What is their secret? Cooperation. They practice together, research together, and help each other polish their public speaking. They are preparing to compete at the national level in 2022.

Approximately three hundred students are members of the Bronx Speech & Debate Team. Speakers and debaters from Bronx Science have won the country's most coveted championships, including all four national championships (TOC, NFL, NDCA, and NCFL) and major invitational titles (Harvard, Yale, Princeton, Emory, Georgetown, the Glenbrooks, Blake, and Meadows, among many others). 

Related reading: Bronx School of Science





Wednesday, November 3, 2021

First Woman To Receive the Abel Prize

 


On Tuesday, November 2 (2021) it was announced from Oslo that Karen Keskulla Uhlenbeck will be awarded the Abel Prize. The prize was created by the Norwegian Academy of Science and Letters in 2003, and is viewed as the mathematics equivalent of a Nobel Prize. Uhlenbeck is the first woman to receive the Abel Prize in the award’s 18-year history.

The Abel Prize is awarded annually by the King of Norway to one or more outstanding mathematicians. It is named after Norwegian mathematician Niels Henrik Abel (1802–1829) and directly modeled after the Nobel Prizes.

The citation explains that Uhlenbeck’s work has “led to some of the most dramatic advances in mathematics in the last 40 years.”

Uhlenbeck, a founder of modern geometric analysis, is 79 years old.

Her research “inspired a generation of mathematicians,” said François Labourie of the University of Côte d’Azur in France. “She wanders around and finds new things that nobody has found before.”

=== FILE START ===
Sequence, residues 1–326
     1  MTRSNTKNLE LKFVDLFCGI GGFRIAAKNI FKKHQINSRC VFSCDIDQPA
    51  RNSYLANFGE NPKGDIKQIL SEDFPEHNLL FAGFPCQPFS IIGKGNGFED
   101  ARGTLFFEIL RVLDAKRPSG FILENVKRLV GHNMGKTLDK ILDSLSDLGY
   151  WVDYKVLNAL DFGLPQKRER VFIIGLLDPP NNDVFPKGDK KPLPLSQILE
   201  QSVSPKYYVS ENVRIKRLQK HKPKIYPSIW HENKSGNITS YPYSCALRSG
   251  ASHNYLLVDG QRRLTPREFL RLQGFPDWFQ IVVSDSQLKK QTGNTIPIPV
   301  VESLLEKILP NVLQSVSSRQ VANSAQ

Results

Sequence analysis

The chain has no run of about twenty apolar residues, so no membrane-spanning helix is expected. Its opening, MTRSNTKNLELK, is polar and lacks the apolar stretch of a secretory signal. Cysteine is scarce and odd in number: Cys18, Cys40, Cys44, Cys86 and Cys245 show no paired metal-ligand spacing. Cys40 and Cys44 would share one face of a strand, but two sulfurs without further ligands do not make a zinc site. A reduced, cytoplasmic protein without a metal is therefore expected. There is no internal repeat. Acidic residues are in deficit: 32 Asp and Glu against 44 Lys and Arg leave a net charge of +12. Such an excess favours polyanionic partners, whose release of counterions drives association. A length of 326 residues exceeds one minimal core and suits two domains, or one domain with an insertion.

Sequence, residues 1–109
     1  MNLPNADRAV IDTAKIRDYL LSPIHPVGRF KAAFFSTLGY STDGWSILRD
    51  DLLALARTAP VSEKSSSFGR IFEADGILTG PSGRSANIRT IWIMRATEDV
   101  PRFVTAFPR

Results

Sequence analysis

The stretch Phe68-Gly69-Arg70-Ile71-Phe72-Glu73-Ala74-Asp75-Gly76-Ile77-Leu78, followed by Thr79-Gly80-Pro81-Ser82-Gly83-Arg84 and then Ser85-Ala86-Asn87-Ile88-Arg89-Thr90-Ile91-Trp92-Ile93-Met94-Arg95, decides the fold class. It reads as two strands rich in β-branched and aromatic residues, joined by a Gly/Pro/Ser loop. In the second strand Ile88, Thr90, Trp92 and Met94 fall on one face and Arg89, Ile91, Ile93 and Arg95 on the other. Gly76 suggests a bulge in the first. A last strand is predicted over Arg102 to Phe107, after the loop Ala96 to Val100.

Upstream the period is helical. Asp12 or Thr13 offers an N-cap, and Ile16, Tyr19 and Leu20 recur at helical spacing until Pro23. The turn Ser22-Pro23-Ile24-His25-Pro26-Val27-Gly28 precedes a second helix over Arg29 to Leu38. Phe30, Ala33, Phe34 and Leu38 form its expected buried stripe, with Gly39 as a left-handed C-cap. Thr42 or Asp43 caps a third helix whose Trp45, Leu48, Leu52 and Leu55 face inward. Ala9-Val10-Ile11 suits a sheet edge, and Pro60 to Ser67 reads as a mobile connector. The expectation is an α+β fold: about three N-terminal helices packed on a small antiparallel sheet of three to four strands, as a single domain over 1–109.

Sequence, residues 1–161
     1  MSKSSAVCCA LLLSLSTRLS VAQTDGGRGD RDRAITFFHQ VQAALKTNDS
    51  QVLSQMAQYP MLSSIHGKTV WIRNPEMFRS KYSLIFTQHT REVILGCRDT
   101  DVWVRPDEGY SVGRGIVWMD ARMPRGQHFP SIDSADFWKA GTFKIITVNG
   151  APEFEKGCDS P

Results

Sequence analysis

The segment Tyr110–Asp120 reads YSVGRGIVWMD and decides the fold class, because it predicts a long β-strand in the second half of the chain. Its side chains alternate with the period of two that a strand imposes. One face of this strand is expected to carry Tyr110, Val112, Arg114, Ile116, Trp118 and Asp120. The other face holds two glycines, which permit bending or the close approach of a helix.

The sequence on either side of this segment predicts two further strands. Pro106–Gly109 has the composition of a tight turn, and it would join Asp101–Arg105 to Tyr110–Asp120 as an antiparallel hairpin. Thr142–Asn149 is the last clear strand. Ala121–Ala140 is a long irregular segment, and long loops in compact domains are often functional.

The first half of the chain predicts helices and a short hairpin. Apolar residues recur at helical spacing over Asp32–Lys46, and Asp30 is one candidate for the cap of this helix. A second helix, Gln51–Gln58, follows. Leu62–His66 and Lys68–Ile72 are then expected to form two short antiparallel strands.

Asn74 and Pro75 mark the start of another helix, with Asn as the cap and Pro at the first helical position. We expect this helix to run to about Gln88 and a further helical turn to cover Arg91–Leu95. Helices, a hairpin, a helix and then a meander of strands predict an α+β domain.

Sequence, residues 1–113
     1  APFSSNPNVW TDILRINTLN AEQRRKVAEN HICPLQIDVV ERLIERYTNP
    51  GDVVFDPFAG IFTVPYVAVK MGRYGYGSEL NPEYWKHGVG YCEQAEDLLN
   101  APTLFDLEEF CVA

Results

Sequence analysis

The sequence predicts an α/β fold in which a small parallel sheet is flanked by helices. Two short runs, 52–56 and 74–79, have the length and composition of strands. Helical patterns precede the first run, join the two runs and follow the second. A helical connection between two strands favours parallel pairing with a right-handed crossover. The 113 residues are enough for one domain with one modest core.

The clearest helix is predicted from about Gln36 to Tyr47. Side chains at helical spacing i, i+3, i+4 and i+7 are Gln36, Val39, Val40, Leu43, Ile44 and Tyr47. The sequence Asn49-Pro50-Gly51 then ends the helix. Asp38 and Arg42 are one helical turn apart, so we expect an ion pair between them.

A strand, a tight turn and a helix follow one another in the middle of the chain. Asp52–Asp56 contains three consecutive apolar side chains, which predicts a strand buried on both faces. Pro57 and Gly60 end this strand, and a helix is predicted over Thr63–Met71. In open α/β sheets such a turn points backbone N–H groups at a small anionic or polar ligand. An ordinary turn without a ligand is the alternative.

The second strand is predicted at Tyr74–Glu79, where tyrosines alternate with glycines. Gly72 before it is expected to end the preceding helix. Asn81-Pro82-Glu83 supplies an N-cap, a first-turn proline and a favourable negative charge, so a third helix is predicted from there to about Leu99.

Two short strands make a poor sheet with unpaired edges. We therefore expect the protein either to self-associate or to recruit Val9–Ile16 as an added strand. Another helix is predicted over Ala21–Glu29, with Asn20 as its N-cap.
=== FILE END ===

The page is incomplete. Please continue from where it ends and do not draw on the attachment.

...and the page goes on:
Karen Uhlenbeck is a professor emeritus of mathematics at the University of Texas at Austin, where she held the Sid W. Richardson Foundation Regents Chair. She is currently a Distinguished Visiting Professor at the Institute for Advanced Study, and a visiting senior research scholar at Princeton University


Read more here.


Monday, October 4, 2021

Vaccination Lowers Risk of Death

 


Since January 2021, weekly COVID-19 hospitalization rates have fluctuated in unvaccinated people but have been consistently higher than in vaccinated people. For instance, as the delta variant became the dominant variant in June, hospitalizations of unvaccinated adults 18 years and older spiked while rates for vaccinated remained steady and low. The data were adjusted for age and come from California, Colorado, Connecticut, Georgia, Maryland, Michigan, Minnesota, New Mexico, New York, Ohio, Oregon, Tennessee and Utah.

Read more here.


Thursday, September 9, 2021

400,000-Year Tool Production Site Near Rome

 

A lissoir found at the site. (Villa et al., 2021, PLOS One)


The discovery of 98 elephant-bone tools at a site dating back 400,000 years is causing great excitement among paleoanthropologists. The bones are evidence of butchering by humans and the now-extinct animal was the straight-tusked elephant (Palaeoloxodon antiquus).